Published by on / Pathfinder personal tax and wealth update, Tax news /

Woman taking photo of cake

An increasing number of us are deciding to set up a business, but many are doing so just as a secondary source of income or are generating some income from what is otherwise just a hobby, such as cake making.

From 6 April 2017 HMRC introduced a new allowance, known as the trading allowance, to simplify the tax position, particularly where the income generated is modest.

Where an individual’s gross annual income from all self employment is less than £1,000 in a tax year, there is no need to report the income to HMRC, subject to some exclusions such as income from a connected company or partnership, or employer. There will however be some circumstances where you may choose to report the income to HMRC on a self assessment tax return, for example if you want to pay voluntary class 2 national insurance contributions to enable that tax year to count as a qualifying year for state pension purposes. Alternatively, you make a loss after accounting for expenses, especially in the first years of a new business after taking account of set up costs. If this is the case, and you have other income on which you pay tax, you may (provided the activity is being carried on with a view to making a profit) be able to set the loss against your other income, and generate a tax repayment.

If your gross income exceeds £1,000, you will need to report the income on a self assessment return, and you have two options. The first is to set your expenses against the income and pay tax on the profit. The tax payable, if any at all, will depend upon your overall tax position for the year. Alternatively, you can deduct the standard £1,000 allowance, and the balance may be subject to a tax charge.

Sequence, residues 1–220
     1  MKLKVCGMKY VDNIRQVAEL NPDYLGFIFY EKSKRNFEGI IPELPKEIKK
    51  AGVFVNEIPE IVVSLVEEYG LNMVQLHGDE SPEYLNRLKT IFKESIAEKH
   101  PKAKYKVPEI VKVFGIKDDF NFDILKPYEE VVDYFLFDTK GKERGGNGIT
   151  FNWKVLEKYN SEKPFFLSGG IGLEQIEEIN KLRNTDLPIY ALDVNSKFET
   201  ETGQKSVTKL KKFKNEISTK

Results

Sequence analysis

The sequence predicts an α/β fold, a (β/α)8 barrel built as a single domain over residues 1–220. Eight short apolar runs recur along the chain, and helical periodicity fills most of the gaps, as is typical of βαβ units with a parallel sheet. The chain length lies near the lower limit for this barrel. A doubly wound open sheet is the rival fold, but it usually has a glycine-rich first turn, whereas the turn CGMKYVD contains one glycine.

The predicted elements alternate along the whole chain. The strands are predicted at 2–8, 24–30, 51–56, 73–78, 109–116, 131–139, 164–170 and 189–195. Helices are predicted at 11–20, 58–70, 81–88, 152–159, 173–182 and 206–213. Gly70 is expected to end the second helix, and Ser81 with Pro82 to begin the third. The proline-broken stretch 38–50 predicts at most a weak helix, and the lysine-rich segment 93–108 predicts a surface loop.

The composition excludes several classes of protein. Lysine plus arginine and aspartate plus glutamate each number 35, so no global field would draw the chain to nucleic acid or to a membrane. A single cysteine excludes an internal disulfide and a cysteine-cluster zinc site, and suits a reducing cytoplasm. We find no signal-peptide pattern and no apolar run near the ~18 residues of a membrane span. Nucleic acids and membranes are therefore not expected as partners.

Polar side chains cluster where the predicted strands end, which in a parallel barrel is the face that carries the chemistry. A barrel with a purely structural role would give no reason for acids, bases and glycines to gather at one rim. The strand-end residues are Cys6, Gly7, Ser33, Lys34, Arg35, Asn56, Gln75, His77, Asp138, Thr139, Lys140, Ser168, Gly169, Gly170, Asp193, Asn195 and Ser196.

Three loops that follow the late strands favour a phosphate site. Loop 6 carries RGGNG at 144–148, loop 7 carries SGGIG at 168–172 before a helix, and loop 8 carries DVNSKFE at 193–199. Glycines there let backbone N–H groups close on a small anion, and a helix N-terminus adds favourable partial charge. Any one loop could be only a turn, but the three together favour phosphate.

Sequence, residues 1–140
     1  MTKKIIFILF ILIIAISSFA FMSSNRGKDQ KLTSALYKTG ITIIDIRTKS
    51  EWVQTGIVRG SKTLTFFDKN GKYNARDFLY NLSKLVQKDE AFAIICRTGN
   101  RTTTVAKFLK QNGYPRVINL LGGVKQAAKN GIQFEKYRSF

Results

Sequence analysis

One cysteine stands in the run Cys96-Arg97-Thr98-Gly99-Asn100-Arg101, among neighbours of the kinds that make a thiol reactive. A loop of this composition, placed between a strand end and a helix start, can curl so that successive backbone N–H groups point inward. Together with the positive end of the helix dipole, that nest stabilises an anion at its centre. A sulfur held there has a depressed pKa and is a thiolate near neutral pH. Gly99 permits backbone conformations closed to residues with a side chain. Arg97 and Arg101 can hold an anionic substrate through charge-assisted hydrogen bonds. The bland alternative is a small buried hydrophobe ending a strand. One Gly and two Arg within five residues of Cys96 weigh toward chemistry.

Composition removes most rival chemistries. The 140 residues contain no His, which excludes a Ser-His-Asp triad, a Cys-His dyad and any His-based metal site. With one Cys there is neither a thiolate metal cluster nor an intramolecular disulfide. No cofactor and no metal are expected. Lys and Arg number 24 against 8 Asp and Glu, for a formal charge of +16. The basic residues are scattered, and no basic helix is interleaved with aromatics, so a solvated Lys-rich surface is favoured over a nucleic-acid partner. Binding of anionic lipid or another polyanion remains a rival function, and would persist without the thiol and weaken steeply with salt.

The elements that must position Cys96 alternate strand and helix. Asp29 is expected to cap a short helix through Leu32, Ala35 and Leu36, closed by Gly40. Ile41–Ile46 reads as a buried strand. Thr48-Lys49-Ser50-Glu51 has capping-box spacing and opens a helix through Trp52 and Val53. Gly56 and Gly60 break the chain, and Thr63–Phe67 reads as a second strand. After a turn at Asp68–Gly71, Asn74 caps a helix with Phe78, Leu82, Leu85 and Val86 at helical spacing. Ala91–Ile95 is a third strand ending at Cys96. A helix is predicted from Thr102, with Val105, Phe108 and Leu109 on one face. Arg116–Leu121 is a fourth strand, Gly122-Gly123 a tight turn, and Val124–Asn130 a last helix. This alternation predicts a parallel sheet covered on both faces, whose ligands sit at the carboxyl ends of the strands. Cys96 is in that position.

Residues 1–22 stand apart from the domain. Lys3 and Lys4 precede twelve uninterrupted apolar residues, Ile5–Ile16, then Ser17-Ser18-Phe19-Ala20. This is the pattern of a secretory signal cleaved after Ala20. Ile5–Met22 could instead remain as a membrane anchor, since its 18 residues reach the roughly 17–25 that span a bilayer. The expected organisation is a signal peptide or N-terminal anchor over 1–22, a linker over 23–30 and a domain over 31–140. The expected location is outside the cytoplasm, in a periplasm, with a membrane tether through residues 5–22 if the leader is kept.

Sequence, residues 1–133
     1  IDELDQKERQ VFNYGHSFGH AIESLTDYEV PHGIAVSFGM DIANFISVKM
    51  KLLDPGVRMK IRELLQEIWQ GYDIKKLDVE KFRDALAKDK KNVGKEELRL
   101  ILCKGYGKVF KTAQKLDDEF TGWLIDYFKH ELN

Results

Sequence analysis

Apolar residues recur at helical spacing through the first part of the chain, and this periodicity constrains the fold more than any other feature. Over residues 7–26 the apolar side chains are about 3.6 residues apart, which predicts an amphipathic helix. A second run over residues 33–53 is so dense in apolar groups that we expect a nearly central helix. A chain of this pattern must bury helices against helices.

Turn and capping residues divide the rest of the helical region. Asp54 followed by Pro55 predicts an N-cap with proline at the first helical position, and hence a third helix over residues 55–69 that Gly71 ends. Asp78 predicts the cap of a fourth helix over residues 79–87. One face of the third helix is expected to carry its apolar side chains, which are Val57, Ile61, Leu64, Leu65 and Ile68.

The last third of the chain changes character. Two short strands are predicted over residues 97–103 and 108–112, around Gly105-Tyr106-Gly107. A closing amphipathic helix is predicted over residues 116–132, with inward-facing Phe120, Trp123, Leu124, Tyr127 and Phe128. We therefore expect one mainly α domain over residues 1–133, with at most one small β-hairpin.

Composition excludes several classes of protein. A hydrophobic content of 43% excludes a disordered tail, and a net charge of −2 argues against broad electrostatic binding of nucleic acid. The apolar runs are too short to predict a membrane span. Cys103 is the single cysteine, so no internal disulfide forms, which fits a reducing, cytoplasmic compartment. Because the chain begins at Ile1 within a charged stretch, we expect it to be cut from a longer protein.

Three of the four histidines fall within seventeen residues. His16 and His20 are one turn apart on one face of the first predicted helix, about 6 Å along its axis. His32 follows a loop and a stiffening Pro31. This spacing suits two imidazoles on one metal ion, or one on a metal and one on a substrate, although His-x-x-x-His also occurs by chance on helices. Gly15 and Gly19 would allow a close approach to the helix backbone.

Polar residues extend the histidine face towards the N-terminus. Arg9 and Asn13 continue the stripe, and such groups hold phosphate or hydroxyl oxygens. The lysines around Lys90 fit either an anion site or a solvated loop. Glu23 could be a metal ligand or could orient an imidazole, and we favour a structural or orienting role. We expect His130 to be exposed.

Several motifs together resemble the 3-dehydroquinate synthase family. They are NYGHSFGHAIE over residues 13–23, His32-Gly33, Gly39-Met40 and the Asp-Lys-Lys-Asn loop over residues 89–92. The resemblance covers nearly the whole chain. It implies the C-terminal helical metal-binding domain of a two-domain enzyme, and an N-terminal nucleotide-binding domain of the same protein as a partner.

It may be beneficial to claim the allowance if your actual expenses are less than £1,000.

What about property income? – the property allowance

A separate £1,000 allowance is available to cover rental income from property, so for example could be claimed in connection with letting a spare garage or some surplus land.

The allowance works in a similar way to the trading allowance, and again there are exclusions, including letting to connected parties. When considering the allowance, you need to take account of all rental income from both UK and overseas commercial and residential lettings in a tax year.

Again, if actual expenses are insignificant, it may be beneficial to claim the allowance.

Where a property is held in joint names, each of the joint owners will be able to claim the £1,000 allowance.

Again, careful consideration should be made regarding whether to claim the allowance, depending upon individual circumstances.

No matter which of the options is chosen for both these allowances, it is important that you keep a record of the income.

For further information please speak with your usual Kreston Reeves adviser here, or contact Jamie Hopkins here or on +44 (0)330 124 1399 who would be pleased to have a no-obligation initial meeting with you.

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